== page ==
It’s Time to Advise Cattle Clients on Winter Feeding

Sep 10, 2019 / Practitioner Updates

Cow in winter environment

“What is your strategy for feeding your cattle herd this winter?”

This is a question worth asking your cattle clients now. What your clients usually do may not work this year.

Dr. Edgar Garrett, DVM, MS, DACT

Drs. Ed Garrett (above) and Tessa Marshall in the F.A.R.M.S. section would be happy to help you explore feeding strategies.

The winter weather led to substantial losses in alfalfa fields. The spring weather delayed or prevented planting corn and delayed harvesting hay. Many cattle producers will likely be faced with a limited forage supply for the winter of 2019-2020.

If cows come into the spring of 2020 in poor body condition, colostrum quality and quantity—as well as milk production—may be reduced, thus setting the stage for sick or poor-performing calves.

Thin cows will not breed back in a timely manner, so the winter of 2019-2020 could have implications for the calf crop of 2021 also. Now is the time to develop strategies to deal with potential shortfalls in forage inventory.

Two Strategies: Corn Silage, Byproduct Feeds

While the spring weather may have reduced corn yield, that low-yielding field can be a great forage source for a herd of cattle. A field with 100 bushels/acre corn yield will yield about 13 tons/acre of 33 percent dry matter corn silage. Feeding the silage at 65 lb/day as fed (20 lb/day dry matter) will consume approximately 1 T per cow per month, so 1 acre of corn harvested as silage can feed ~12 cows for a month. The corn silage can be stored in a silage bag, so no additional investment in feed storage is necessary. Custom harvesters will likely be in high demand in the fall, so encourage your clients to make phone calls soon if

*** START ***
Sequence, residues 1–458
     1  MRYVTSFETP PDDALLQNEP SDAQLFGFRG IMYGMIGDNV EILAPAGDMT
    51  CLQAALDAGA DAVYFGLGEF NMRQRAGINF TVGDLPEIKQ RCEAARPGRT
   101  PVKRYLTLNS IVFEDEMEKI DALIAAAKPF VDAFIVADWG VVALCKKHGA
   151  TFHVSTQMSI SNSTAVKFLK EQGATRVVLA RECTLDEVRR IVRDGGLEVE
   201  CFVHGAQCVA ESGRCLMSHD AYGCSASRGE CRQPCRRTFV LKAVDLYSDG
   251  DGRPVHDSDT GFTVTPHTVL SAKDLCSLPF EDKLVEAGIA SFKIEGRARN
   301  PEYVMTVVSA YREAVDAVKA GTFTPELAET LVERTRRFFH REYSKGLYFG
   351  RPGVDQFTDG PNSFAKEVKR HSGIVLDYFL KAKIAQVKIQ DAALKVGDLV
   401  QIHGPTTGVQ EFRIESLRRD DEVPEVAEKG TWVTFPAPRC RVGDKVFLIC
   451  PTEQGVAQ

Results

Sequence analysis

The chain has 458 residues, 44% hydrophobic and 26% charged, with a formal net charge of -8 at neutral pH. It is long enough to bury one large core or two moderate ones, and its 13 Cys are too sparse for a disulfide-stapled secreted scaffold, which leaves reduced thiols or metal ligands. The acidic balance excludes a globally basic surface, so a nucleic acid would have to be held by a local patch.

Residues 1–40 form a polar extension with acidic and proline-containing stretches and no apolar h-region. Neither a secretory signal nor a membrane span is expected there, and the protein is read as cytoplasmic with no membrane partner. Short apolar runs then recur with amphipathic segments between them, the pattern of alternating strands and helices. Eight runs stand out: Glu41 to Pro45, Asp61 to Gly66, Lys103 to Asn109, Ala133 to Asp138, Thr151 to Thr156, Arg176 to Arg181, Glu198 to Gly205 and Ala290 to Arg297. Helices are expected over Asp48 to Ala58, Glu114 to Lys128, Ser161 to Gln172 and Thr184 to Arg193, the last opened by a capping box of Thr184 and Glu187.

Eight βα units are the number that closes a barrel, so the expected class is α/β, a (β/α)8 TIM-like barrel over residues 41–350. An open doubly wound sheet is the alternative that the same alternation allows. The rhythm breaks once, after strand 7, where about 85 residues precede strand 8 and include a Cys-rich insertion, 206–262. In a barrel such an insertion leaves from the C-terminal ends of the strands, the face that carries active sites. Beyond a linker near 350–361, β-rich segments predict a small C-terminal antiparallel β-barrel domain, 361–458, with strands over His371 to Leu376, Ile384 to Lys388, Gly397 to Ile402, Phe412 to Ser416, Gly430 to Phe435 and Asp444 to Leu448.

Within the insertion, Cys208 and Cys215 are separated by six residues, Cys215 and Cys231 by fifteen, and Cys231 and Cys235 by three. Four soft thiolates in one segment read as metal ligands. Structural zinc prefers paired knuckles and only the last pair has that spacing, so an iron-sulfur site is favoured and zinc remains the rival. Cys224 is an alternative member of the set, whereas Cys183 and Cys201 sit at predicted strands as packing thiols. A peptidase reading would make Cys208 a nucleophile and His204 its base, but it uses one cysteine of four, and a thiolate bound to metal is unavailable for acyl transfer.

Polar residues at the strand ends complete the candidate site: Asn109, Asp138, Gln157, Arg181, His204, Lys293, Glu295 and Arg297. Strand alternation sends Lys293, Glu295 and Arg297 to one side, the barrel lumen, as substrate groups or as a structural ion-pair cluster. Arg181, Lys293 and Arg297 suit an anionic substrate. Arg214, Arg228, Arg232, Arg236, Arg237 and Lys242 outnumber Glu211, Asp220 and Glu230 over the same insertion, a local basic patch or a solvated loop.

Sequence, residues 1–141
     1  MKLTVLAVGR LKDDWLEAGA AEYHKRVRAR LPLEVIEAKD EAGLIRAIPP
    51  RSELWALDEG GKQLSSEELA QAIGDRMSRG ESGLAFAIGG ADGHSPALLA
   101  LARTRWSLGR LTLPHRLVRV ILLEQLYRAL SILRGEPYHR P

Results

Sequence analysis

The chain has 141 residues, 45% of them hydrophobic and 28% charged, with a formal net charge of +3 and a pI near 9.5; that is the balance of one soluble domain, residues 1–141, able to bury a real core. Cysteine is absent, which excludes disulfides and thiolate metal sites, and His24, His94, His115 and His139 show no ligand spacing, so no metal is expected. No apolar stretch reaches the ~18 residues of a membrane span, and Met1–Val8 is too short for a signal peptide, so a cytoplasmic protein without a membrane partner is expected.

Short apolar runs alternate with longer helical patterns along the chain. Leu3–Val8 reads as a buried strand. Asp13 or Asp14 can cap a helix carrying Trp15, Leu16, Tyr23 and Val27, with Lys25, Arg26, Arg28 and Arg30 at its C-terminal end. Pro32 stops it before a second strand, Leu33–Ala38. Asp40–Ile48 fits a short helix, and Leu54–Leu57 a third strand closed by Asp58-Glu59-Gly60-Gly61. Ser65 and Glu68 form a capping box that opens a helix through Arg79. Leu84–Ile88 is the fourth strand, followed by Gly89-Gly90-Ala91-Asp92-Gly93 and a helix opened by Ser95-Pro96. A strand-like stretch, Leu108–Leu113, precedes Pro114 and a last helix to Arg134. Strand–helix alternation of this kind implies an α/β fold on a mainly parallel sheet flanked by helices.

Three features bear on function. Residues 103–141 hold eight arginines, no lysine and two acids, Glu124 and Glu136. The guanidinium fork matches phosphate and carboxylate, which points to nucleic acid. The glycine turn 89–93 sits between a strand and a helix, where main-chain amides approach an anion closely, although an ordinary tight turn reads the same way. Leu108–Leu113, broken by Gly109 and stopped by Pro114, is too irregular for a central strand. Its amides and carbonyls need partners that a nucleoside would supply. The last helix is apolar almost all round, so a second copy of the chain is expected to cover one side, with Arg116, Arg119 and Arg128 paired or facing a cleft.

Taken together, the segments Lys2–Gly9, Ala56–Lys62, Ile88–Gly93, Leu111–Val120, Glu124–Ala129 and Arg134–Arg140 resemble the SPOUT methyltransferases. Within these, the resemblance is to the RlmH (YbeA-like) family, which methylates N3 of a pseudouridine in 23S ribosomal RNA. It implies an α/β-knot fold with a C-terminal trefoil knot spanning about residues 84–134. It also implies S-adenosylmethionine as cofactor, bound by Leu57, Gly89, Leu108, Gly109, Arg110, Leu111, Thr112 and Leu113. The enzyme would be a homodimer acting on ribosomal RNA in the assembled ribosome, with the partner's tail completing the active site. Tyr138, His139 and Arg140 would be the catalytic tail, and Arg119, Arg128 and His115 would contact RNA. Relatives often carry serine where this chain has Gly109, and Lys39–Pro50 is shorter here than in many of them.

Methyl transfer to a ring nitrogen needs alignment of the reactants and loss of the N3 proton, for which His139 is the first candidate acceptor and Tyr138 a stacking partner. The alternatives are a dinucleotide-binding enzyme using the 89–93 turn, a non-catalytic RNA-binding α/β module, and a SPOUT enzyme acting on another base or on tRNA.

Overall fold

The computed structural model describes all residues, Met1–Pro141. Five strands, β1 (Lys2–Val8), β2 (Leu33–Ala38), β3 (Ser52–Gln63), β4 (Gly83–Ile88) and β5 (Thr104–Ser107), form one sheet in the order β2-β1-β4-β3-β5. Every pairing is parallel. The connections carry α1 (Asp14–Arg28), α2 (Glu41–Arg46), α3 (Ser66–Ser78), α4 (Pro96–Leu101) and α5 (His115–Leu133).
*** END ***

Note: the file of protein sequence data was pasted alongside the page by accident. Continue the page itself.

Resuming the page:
they want to put up corn silage.

Using byproduct feeds as a non-forage fiber source is another strategy to stretch a limited hay supply. Soy hulls, distillers grains, and corn gluten feed are all sources of digestible fiber that can replace part of the hay in a diet. A useful mix is 1/3 corn, 1/3 soy hulls, and 1/3 corn gluten. On-farm ingredient storage and mixing capabilities will be needed for this approach. Encourage your clients to consult with a nutritionist regarding feeding rates to optimize utilization of the feeds. If changes in feed storage or handling equipment are necessary, now is the time to get organized.

Test Hay’s ‘TDN’

Weather patterns varied significantly across relatively small geographical areas, so hay may be more available in some areas than others. Help make connections between those that have hay to sell and those planning to buy hay. When counseling clients about hay purchases, remind them to ask for a hay test, because not all hay is worth buying. Good quality grass hay will have a total digestible nutrients (TDN) of greater than 50 percent. For simple price comparisons, calculate cost per pound of TDN. Make hay purchases early. Buying late in the year will be expensive.

During the discussion about feed inventory, make a point to inquire about the farm’s mineral feeding. While energy and protein are critical, mineral deficiencies can also have significant effects on the health of a herd. Free choice salt-mineral mix should be available at all times if minerals are not supplied in a mixed feed. Sometimes deficiencies can occur when seemingly adequate mineral supplementation is provided because unrecognized sources of minerals, such as iron and sulfur in water, interfere with absorption.

If there is any question about micromineral status in a herd, consider a trace mineral assay on liver biopsies from a subset of the animals. It only takes 15 mg of liver tissue for the mineral assay, and this can be obtained with two Tru-Cut biopsy samples. Michigan State University and Iowa State University both offer trace mineral assays. Consult with the lab regarding details about handling and shipping.